Worship the LORD in the beauty of holiness. (Psa. 29:2) 

Taste and see that the LORD is good. (Psalm 34:8)
O the depth of the riches and wisdom and knowledge of God! How unsearchable are his judgments and how inscrutable his ways!  "For who has known the mind of the Lord, or who has been his counselor?""Or who has given a gift to him that he might be repaid?"  For from him and through him and to him are all things. To him be glory for ever. Amen. (Romans 11:33–36)

Once you have gotten even a glimpse of the goodness, beauty, splendor, love and mercy of God as revealed in Jesus Christ, you are moved to worship with thanksgiving, joy, wonder and praise. At St. Barnabas we gather on Sundays to do just that. We pray and sing together, hear the scriptures read and expounded together, and celebrate the Eucharist (Lord’s Supper) together. In worship, we open our hearts to God that we might be drawn deeper into the heart of God.

Worship at St. Barnabas has been described as “relaxed high church.” It is liturgical worship that follows the forms found in The Book of Common Prayer of the Episcopal Church.  Liturgical worship has come usually to mean worship that is structured and follows a set pattern as opposed to forms of worship that seem less structured and more spontaneous.  Like an elaborate folk dance, our worship has a predictable pattern even as there is room for personal expression as we “dance” together in the mystery of God’s love and mercy. It is a style of worship we share with the Roman Catholic Church, the Eastern Orthodox Churches, and the Lutheran Church.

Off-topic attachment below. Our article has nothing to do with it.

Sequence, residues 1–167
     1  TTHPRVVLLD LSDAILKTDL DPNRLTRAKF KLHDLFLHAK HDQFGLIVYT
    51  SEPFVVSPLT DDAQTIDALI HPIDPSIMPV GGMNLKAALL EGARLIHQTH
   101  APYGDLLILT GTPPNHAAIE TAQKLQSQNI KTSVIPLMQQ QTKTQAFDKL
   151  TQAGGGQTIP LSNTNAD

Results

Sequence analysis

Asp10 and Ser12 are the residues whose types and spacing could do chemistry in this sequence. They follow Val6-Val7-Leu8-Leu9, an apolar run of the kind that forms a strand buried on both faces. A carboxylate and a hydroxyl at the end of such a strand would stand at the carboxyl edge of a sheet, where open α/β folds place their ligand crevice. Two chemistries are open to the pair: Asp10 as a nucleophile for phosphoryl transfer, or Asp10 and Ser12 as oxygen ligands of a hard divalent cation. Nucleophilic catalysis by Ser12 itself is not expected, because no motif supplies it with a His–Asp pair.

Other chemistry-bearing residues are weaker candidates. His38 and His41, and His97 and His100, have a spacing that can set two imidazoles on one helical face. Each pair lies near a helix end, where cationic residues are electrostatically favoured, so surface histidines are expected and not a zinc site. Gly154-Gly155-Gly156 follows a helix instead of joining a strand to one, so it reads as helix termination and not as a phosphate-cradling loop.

While other styles of worship have their own validity, liturgical worship has its advantages: 

  • Praying prayers that we have inherited from the past links us with believers who have gone before us.
  • Liturgical worship involves the whole person: kneeling, bowing, standing, making the sign of the cross, eating, drinking, smelling incense, singing, listening, and speaking together make worship a full-sensory activity. 
  • Doing it all together reinforces the conviction that we gather as one body instead of a group of individuals. 
  • This is the way most of the church has worshiped from the beginning.

Liturgy means the work of the people.  The word is Greek, a compound of the word for people (laos) and the word for work (ergon).  It was not originally associated with worship, but with any work undertaken or paid for by private citizens for the benefit of the people. 
In the New Testament, Christ is referred to as performing a liturgy.  “Christ has obtained a ministry [the Greek word is liturgy] which is as much more excellent than the old as the covenant it mediates is better, since it is enacted on better promises.” (Heb. 8:6)  Christ’s life of obedience, death on the cross, and resurrection is the Christian liturgy.  It is public work done for the benefit of the people. 
Our service of worship is a “making present” and participation in the life, death, and resurrection of Christ.  In worship, we appropriate Christ’s liturgy as our own and are shaped by it.  Therefore, we refer to Christian gatherings for worship as liturgies. 

But the work of the people is not completed when we gather for worship.  The daily living of Christ-shaped lives is also liturgy – “the liturgy after the liturgy.”

Interested in learning more about liturgical worship?  Read more >